Swedish artists say ‘Pay up’
Smaller state-run museums are failing to follow a rule that requires payment for exhibitions
By Clemens Bomsdorf. Web only
Published online: 23 October 2014
Sweden is one of the few countries where artists are meant to receive payment for exhibitions, thanks to a regulation introduced in 2009—but the rule has proven difficult to enforce. According to a survey conducted by the Swedish Agency for Cultural Policy Analysis, around 60% of artists who showed their work in smaller state museums either failed to get paid or received less than the law dictates.
“Unfortunately I have to say that this does not come as a surprise to us. We are now working on getting the new government to distribute state aid only if an institution sticks to the rules”, Katarina Jönsson Norling, the head of the Swedish Artists’ Organisation KRO, told The Art Newspaper.
Known as the “MU avtal”, the scheme requires state-run institutions to pay artists when exhibiting their works. They also have to reimburse them for the time spent hanging works or being present at a press conference. However, so far the government has not meted out any penalties if a payment is not made.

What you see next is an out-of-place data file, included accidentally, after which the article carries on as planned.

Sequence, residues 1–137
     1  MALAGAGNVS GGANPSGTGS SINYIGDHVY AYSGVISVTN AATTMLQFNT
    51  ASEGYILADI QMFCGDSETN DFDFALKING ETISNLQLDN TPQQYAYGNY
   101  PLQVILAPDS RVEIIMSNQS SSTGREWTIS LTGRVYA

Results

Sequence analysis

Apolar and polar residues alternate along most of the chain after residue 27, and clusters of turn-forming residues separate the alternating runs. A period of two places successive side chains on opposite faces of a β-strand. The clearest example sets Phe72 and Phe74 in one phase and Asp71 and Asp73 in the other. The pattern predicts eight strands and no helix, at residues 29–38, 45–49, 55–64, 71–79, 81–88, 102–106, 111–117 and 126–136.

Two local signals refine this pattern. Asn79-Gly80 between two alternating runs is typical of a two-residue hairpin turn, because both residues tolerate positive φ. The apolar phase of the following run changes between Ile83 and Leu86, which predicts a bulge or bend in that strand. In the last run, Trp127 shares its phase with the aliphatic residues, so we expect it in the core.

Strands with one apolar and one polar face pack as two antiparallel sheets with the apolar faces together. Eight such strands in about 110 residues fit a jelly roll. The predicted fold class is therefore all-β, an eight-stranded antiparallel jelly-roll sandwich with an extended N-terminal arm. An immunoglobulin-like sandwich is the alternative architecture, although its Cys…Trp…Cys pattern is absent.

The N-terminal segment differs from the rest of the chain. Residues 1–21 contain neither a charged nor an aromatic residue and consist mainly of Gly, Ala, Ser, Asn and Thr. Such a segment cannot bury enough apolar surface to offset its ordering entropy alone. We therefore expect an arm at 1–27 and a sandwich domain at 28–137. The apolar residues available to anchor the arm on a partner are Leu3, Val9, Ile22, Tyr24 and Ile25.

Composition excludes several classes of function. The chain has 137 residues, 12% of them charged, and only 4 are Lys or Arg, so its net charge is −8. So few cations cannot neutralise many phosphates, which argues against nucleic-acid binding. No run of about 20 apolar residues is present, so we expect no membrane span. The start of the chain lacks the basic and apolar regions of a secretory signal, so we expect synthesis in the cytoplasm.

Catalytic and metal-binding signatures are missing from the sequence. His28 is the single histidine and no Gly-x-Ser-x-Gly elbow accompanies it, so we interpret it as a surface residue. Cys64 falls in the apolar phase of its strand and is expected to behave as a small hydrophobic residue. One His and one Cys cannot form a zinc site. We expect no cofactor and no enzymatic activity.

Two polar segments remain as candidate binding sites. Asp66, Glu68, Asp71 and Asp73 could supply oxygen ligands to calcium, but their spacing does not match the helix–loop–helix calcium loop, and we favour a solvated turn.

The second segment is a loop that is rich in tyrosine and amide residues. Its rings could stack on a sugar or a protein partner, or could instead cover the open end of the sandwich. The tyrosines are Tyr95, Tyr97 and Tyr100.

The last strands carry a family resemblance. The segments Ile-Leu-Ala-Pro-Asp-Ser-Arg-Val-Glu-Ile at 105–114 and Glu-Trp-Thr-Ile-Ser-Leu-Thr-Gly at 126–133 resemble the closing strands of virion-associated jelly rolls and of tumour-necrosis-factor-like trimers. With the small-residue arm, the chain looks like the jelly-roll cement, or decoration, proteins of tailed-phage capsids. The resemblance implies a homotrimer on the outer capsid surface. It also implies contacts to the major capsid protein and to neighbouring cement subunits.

How much an artist receives depends on a number of factors, such as whether they are involved in a solo or a group show and the size of the museum. According to the survey, which covered 95 Swedish museums, only the largest state-run institutions, including Stockholm’s Moderna Museet, paid all artists according to the rule. (Due to privacy laws, the agency could not disclose the names of the museums that failed to pay artists.) On average, artists received 28,000 Swedish kroner (€3,100) each per exhibition. In the smaller museums, only 40% of the artists got paid, on average receiving 24,000 kroner (€2,700).
When the regulation was introduced, artists hoped that non-state museums would voluntarily follow the payment scheme. While some did, the survey shows that only 25% of artists that exhibited at city-run or private museums received payment. KRO is now working to extend the rule to cover these institutions as well.
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